Thomas Willis was a 17th-century English doctor who, among other things, coined the term "neurology" and collaborated with Christopher Wren (who did the drawings) to produce the first accurate description of the structures of the human brain. The story of Willis's research and medical practice is told in Carl Zimmer's book Soul Made Flesh: The Discovery of the Brain ... (there's more to its title, but it's just marketing ...).
Zimmer talks a great deal about the historical context of seventeenth-century England, not just to add color but because Willis's biography (like that of anyone living through it) was strongly influenced by the English Civil War. After the Restoration and the Great Fire of London, Willis moved his practice from Oxford to London and became the most famous physician in England (in part because of his work with Wren describing the brain). Zimmer writes of his medical practice as follows:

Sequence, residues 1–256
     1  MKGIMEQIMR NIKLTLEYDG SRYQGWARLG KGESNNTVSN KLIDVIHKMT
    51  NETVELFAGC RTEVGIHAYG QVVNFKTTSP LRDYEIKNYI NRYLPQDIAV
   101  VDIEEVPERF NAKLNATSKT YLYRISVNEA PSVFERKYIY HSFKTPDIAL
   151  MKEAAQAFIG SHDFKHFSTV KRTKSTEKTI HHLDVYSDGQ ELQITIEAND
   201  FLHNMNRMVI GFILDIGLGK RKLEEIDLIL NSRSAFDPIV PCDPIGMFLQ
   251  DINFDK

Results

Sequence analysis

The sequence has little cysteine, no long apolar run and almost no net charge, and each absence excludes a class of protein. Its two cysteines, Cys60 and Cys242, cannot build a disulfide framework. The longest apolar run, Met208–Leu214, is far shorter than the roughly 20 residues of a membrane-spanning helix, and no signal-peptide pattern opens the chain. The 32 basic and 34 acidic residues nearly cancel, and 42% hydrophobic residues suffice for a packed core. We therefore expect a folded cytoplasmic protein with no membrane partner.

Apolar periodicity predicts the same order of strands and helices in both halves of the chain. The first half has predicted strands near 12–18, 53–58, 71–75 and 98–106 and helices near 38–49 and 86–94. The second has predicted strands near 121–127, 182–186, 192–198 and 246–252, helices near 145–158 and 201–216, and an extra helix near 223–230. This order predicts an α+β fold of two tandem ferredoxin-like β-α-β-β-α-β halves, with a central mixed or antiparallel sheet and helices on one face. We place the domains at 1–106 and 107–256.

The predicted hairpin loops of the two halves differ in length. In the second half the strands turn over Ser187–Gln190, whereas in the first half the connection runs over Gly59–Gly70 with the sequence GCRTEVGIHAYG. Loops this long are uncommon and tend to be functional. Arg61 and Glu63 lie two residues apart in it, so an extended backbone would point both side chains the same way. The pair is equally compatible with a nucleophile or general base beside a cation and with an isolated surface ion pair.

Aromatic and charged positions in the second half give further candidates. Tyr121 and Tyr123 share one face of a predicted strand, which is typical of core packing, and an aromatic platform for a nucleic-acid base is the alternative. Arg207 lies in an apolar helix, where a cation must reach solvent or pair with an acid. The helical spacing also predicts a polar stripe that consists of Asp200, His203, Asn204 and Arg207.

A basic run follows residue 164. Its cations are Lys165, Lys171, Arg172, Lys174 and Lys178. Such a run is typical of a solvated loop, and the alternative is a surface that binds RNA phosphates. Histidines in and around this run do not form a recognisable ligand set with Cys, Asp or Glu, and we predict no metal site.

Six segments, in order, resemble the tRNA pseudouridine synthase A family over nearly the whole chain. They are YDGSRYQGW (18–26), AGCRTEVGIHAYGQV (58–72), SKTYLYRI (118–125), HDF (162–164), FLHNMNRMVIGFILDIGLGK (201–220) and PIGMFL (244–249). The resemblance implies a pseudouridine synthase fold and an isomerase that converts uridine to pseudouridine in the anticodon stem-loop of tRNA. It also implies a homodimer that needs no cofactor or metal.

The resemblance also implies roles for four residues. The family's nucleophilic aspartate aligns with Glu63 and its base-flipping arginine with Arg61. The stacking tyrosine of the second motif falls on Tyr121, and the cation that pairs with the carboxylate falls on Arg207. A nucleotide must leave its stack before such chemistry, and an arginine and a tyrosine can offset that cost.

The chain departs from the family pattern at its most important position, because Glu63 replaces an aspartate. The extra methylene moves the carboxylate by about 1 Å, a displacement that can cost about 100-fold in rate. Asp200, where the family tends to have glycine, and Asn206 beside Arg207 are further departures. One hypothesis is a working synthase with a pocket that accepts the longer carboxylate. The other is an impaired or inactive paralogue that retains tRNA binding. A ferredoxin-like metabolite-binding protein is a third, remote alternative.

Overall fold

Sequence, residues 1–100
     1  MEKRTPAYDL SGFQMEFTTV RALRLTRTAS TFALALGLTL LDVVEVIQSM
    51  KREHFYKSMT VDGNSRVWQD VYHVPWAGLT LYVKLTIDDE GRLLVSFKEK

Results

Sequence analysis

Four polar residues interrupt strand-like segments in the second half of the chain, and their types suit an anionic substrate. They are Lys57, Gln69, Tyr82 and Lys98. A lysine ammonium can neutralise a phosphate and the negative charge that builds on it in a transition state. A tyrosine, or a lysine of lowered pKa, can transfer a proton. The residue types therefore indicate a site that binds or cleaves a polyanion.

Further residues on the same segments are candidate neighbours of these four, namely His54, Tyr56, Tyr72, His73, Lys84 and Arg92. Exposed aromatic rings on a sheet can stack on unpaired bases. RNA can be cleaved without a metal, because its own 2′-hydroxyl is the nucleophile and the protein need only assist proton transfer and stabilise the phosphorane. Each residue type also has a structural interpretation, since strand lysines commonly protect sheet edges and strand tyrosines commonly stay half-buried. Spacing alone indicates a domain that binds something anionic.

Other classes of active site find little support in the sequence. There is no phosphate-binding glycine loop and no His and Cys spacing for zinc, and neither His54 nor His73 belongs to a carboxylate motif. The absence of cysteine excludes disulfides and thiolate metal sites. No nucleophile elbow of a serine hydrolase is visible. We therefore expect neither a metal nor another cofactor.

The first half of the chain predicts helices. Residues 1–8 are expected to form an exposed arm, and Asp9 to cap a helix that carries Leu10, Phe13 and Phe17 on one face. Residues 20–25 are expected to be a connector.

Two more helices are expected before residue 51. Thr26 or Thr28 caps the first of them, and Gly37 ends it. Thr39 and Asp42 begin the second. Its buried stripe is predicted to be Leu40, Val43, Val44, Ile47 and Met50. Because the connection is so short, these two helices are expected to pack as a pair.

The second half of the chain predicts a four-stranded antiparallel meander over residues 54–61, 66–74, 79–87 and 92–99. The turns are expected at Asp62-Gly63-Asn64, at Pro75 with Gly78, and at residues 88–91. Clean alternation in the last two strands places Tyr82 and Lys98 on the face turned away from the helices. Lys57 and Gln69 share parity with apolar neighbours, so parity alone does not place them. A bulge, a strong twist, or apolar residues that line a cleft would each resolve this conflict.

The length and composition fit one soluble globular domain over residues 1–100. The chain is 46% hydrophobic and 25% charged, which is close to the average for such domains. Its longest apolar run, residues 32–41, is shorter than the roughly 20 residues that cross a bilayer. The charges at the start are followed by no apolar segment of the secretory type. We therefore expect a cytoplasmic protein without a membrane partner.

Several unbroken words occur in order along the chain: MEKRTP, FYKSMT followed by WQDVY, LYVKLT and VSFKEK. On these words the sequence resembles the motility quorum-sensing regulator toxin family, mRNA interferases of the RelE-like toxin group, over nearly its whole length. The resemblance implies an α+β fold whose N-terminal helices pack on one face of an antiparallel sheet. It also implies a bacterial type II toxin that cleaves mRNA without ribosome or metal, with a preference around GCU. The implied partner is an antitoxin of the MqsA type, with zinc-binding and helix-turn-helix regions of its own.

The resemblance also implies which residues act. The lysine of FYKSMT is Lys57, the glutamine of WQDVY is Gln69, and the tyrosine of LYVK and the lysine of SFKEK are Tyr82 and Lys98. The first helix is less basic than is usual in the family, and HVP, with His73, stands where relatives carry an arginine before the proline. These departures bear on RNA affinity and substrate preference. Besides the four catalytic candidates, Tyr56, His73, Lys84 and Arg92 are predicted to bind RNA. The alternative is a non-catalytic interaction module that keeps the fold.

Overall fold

His theories about how people became sick and how the body worked were hugely popular. Yet his remedies remained, as ever, generally useless. He continued prescribing his eclectic blend of medicines—a blistering plaster for one patient, a ground-up millipede for another—and claimed success when his patients recovered and escaped blame when they didn't. If they recuperated, they usually did so in spite of his attentions.
The popularity of a medical treatment bears no necessary relationship to its effectiveness. Its popularity might well be based on other things—in this case, the fame of Willis's research—or on logical fallacies, such as the clear post hoc, ergo proper hoc moment in the above passage. Perhaps ground-up millipedes are good for something, but no matter how much he had discovered about the structure of the brain, Willis was probably just making it up when he decided that millipedes would do the job.